DEFINE YOUR KEYS HERE! Similar to Keypad projects, except using Keyboard values instead of chars.
if there is an actual empty spot in your wiring (like we have here for [2][6]), use NO_KEY
const byte ROWS = 3;
const byte COLS = 9;
uint16_t keys[ROWS][COLS] = {
byte rowPins[ROWS] = {20,19,18}; // these depend entirely on how you soldered it, just like for every other Keypad example you see online
byte colPins[COLS] = {2,3,4,5,6,7,8,9,10};

These control most of what's going on, and shouldn't be used directly in custom code.
bool isDown[ROWS][COLS];
bool wasDown[ROWS][COLS];
uint16_t downCount[ROWS][COLS];
bool isAuto[ROWS][COLS];
bool isCustom[ROWS][COLS];

// these gloss over debounce by scanning only once per 20 millis. These also shouldn't be changed.
uint32_t startTime = millis();
uint32_t debounceTime = 20;  // 1/50 second between scans to reduce debounce

  Simplified vars for custom code use. Almost always only one key at a time is pressed or released.
  Although that's not strictly always true, it's close enough for typical cases.
  actionKey is the key pressed or release, or NO_KEY if nothing changed in the last scan.
  keyAction is NO_CHANGE (and key will be NO_KEY) or PRESSED or RELEASED (with an actual key value).
  actionModifier will be MODIFIER* keys above, logically OR'd together, or in most cases, one of them alone, 
  or ZERO (meaning none of the MODIFIERS were down when the actionKey was PRESSED or RLEASED).
uint16_t actionKey = NO_KEY;
uint16_t actionModifier = 0;
byte keyAction = NO_CHANGE;

  Simple stack to allow custom code to inject keys without messing up timing.
  Don't use these directly! to inject a key press use sendKey(key) from custom code.
#define INJECT_LIMIT 32
uint16_t injectKeys[INJECT_LIMIT];
byte injectIdx = 0;

void setup() {
  // CUSTOM or AUTO are indicated here:
  setAsCustom(KEY_C); // C for click mouse middle/left/middle
  setAsCustom(KEY_B); // B for buffs (PAUSE and NUMLOCK every 15 seconds more or less)
  setAsCustom(KEY_F); // F has special handling (ALT-F is not sent and controls a toggle. any other F is sent normally)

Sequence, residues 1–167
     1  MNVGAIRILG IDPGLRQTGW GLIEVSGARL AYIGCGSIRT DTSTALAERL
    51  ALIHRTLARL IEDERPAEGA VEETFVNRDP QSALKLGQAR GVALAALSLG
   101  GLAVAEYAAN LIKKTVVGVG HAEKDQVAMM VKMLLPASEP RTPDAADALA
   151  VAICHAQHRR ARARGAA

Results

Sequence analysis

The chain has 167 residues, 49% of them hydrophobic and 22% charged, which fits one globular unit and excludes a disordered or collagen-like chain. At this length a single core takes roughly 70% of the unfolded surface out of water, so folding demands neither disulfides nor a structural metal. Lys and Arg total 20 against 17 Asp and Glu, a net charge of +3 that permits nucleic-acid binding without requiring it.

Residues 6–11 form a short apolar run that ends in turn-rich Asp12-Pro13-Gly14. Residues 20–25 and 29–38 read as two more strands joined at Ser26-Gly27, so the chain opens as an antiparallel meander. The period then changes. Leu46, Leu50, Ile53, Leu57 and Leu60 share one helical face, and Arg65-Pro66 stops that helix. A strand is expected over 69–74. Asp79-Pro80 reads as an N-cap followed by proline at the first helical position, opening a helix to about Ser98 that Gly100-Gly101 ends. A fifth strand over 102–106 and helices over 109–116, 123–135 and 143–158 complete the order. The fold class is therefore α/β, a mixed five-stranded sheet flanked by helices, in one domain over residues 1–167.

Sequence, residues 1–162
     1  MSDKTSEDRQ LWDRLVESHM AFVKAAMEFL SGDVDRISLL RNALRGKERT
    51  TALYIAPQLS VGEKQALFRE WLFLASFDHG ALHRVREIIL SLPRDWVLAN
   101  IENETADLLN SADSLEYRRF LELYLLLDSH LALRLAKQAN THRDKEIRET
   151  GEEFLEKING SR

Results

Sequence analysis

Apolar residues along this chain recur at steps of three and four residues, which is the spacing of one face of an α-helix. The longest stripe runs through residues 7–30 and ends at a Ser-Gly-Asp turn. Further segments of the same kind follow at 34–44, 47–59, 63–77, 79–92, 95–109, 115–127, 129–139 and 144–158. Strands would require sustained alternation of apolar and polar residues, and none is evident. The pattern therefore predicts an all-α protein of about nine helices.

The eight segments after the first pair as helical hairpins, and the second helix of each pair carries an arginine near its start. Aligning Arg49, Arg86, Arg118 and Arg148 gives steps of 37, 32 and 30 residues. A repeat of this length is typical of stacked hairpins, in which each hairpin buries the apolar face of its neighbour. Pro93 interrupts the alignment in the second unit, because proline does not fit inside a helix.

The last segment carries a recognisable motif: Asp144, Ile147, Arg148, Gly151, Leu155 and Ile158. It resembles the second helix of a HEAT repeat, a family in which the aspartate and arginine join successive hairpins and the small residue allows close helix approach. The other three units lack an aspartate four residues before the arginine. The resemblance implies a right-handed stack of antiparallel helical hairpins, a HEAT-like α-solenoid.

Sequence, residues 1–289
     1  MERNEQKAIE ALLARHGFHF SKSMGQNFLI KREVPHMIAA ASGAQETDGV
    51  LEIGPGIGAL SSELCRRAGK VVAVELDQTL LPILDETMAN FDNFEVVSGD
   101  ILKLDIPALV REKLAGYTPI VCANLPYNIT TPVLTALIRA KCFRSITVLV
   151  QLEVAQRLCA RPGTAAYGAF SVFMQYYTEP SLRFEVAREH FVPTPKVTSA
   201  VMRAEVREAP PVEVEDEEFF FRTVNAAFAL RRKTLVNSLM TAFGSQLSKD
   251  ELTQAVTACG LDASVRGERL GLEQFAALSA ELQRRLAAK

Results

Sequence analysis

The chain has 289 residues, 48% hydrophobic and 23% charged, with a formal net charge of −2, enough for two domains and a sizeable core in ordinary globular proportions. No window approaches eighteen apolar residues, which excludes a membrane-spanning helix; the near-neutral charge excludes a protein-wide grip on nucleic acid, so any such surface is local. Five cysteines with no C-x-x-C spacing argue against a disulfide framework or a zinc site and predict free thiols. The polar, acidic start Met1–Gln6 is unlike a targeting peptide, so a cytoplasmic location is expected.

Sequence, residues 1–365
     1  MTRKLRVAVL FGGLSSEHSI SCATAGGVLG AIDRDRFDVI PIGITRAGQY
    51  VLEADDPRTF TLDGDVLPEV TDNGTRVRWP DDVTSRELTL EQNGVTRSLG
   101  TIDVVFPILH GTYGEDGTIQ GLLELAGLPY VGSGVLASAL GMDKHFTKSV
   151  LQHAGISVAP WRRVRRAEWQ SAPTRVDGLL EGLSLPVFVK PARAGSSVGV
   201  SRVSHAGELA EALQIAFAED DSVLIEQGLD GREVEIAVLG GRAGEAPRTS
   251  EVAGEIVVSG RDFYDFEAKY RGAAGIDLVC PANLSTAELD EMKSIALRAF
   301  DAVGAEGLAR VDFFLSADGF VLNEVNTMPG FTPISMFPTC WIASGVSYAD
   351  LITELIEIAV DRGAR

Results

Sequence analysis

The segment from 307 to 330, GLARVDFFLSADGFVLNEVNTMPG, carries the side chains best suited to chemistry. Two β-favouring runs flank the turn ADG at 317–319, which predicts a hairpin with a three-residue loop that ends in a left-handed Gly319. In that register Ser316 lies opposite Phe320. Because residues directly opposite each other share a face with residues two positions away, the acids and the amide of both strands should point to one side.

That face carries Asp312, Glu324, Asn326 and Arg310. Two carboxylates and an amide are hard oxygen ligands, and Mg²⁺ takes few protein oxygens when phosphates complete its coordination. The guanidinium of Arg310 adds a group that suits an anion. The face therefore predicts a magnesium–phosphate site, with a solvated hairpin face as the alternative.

setAsCustom(KEY_SPACE); // the UP button will have multiple personalities
  setAsCustom(KEY_X); // so will the DOWN button
  // alt-m switches numerics to quick-sell keys, so all that has to be custom too

// CUSTOMIZATION VARS HERE -- anything that needs to persist across multiple loop() iterations.
byte clickStep = 0;
elapsedMillis scrollDelay = 0;
elapsedMillis tabTimer = 0;
bool buffToggle = false;
int buffCycle = 0;
bool findToggle = false;
elapsedMillis findTimer = 0;
byte scrollCounter = 0;
bool crapToggle = false;
int crapCycle = 0;

// QUICK SELL vars cloned from membrane4x4_sellquick

// toggle
bool quickSell = false;

// simplified queue: write[idx++%] read[idx++%] 
#define QUEUE_SIZE 32
int queue[QUEUE_SIZE];
byte qReadIdx = 0;
byte qWriteIdx = 0;

// timing cycle, on 0 we press button and on 2 we release. total number adds a delay between
#define CLICK_CYCLE 5
byte clickCounter = 0;

// just to avoid spamming release of buttons, we set this to true when the button is down
bool mouseDown = false;

// when we need a slow click, this is used for the delay
#define PAUSE_AMOUNT 5
int pauseCycle = 0;

// in cases of amounts > 10, we click # to add 10 to whatever we send next. > 20 is very rare, so we'll just gloss over that case
bool plusTen = false;

void loop() {